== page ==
This past January, the students enrolled in Uniting Distant Stars electrician program assisted in installing the first stage of the long-awaited solar panels of the learning center in Monrovia. With the assistance of Taleance T Tokpah (who was the vendor from T & T Solar Tech and a technician himself) guiding them along the way, our students were able to bring the learning center to a new level of independence where it will not rely as heavily on the city’s unreliable grid nor a diesel generator.
The number of times after hours, work was done in the dark became numerous due to power outages. The cost of diesel also meant the generator was left for class hours and emergency use. Having a kitchen, coursework in electrical work and a newly updated computer lab are nothing without the power to make them run. But now they have that power.
Future students will not only be able to easily learn how solar panels work but also how to install and maintain them. Besides the usual skills that have been taught in our electrician course, the hands-on solar panel experience will give our students an additional skill that will set them apart when they are seeking full-time employment upon graduation in a field that currently does not have as many people with expertise in the growing field of renewable energy.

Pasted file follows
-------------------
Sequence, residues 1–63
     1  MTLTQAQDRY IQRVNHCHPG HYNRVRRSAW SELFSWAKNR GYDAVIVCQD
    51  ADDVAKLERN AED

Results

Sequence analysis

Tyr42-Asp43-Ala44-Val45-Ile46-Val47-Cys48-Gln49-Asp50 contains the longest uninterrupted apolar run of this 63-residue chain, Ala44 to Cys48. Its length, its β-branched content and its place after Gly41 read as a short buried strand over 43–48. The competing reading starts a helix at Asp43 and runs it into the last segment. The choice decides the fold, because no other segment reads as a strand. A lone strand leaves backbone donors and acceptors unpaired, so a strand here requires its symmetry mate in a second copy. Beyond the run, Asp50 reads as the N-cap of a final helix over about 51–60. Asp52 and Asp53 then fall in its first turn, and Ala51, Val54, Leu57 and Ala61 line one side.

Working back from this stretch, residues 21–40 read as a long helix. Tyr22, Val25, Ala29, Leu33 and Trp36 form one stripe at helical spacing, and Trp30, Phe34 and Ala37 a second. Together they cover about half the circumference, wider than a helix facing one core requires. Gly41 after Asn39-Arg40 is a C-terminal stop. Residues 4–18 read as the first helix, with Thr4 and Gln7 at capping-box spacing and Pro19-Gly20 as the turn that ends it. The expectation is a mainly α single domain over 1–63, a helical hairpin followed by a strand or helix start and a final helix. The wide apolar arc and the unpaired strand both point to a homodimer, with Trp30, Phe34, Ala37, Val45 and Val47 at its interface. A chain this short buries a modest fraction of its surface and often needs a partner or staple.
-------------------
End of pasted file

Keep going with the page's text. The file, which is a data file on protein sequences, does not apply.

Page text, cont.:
The solar panels also now show how easy it is to provide clean, environmentally-friendly power that lights up and powers many of the essentials needed to run a place of learning that provides for over 150 students and staff. It does not cover all of our energy needs but is a perfect example of what can be done on a modest budget to help the environment in the long run if done on a larger scale.
As discussed previously, these solar panels were mostly the result of generous donors who attended the Shine a Light on Education fundraiser in Manhattan last October. Uniting Distant Stars was able to surpass the initial goal of $5,000 and unite more “Stars” in showing the importance of supporting trade skills to improve local communities on the other side of the world. Without them, and supporters like you, our many students, their families, and the communities they live in would not be able to shine to their brightest abilities.